Before you begin looking for VC, draft a five-year plan of what the business would look like with and without an injection of VC funds to help you decide if you need it and if there are alternatives –such as extending your overdraft, invoice factoring or crowdfunding to get the capital you need. Be warned that if you are burning through cash quickly this will weaken your bargaining position when raising VC. However, the tech boom means many will be looking for the next unicorn to invest in so look at how to present a compelling story. Fundraising can be very distracting so members recommend getting an MD or COO who can run and manage the businesson your behalf. If you want to focus on growing the business, a corporate finance adviser who understandsyour objectives and can help to find the right VC.

7. Pitching to VC

When presentingto VC, members and partner experts recommend you have an FD or financially literate director in the pitch to talk around the numbersif necessary but focus on the growth story and market opportunity. A pitch deck should include the following:

  • Introduction
  • Intro to management team
  • What you do, with product demo where relevant
  • Market size and growth rate
  • Key competitors and USP
  • Customers broken down by segment and geography
  • Product road map
  • Units economics: cost of acquisition, churn rate, lifetime value (more relevant to SaaS companies)
  • Historical revenue growth rateand projections
  • Money required and what you need it for (ie taking market share)
  • Conclusion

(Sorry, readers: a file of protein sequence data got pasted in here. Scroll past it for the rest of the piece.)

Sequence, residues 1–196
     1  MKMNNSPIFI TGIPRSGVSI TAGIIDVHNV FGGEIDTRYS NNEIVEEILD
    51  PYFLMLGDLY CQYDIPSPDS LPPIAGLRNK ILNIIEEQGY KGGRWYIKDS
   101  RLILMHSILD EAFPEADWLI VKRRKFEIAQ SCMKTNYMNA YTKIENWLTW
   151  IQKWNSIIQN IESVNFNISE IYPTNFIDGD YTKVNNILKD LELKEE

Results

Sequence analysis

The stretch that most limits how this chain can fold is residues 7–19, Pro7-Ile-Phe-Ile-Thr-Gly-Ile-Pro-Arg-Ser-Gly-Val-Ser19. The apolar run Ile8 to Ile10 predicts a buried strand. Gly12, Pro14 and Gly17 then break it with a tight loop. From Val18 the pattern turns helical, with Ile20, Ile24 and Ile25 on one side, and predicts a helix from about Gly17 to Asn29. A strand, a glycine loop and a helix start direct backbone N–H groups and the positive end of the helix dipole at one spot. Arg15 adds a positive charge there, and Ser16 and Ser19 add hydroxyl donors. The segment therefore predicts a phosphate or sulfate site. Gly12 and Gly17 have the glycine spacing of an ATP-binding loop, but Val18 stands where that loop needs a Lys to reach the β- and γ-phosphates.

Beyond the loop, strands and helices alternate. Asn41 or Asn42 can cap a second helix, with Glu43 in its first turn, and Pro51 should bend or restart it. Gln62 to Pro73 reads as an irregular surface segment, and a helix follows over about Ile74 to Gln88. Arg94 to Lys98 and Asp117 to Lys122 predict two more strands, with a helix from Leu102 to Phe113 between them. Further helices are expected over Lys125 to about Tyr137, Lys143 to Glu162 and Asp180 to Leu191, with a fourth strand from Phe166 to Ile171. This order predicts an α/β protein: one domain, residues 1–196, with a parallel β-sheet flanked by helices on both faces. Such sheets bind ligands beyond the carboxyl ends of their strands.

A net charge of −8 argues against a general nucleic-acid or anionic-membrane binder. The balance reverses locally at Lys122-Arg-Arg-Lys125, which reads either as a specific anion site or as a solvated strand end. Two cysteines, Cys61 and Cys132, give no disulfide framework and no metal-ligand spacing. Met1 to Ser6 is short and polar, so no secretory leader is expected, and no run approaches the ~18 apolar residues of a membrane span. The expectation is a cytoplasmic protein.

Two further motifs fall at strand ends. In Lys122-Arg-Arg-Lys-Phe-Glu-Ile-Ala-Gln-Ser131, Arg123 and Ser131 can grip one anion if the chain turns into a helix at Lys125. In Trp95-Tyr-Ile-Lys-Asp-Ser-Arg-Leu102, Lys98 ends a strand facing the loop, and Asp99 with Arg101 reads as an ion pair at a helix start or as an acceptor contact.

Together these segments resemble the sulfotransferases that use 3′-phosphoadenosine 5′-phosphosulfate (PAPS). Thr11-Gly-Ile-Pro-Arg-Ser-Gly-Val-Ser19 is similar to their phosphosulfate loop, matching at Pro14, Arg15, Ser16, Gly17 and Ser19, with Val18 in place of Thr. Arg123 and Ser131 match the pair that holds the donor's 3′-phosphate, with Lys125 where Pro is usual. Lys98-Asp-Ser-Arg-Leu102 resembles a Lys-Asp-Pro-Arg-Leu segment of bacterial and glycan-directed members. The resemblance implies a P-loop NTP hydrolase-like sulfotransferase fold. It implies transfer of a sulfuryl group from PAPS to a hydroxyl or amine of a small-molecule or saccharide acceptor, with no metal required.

Some advise that you include a solid financial model, with as much detail as possible onhistorical and projectedthat clearly showswhere and how the funding will impact the business growth. However, others recommend you focus on your growth story, why you are the best at what you do and why investment will help you dominate for a long time.

8. Managing VC investors 

Members and partners advise being open with investors and avoid keeping things from them that will surely come to light at some point. Send investors a quarterlynewsletter outlining updates, successes, new additions, and plans. Use "we" when talking about business and "I" when discussing thought leadership or marketdynamics and trends. Have ad hoc meetings throughout the year (4/5 times) just for shareholders and send through a monthly management update with comment. It’s also worth meeting investors individually to ensure they’re onside. Some members have created a separate Investor Board to the Operational Board, but set up guidelines on who can make what decisions and at what level. Some have also found a non-exec chair with clout to manage investors and their non-execs.

9. Due diligence

Always get references on the fund.Speak to businesses that have gone into liquidation after raising with them as well as those who have been successful(If the fund doesn’t offer up names, this could be a red flag). Have the VC model out an exit for you, asthis will make it clear and setexpectations for both parties. Ensure you understand terms around preference shares and what this means on exit. VCs will contact current and churned customers to find out about your business(so if you have any disgruntled customers, manage them before you enter in the process –and you could ask for a copy of this at the end of the process to gain customer insight). They may also insist on psychometric tests on the management team to understand how they work and how they like to communicate.

10. Expectations

At the outset, the VC will set up key milestones and not all will be financial(it could include demonstratinga path to a new market, maintain profitability of certain clients, if the management team is a little weak, hire a Chairman, etc). If you hit the milestones you are generally guaranteed reinvestment. VCs invest in teams with laser sharp focus so that they are working towards the same goal and outcome. If you take a lot of investment but aren’t hitting the numbers the VC will begin to push you to exit. For example, this could be done by them finding a new investor to buy them out(who may not be as nice to deal with). Expect to hire a CTO and Chairman within 6 months of the deal if these roles aren’t already in place. Finally, VCs on your board will be very frank and not afraid of the hard conversations, so be prepared for this.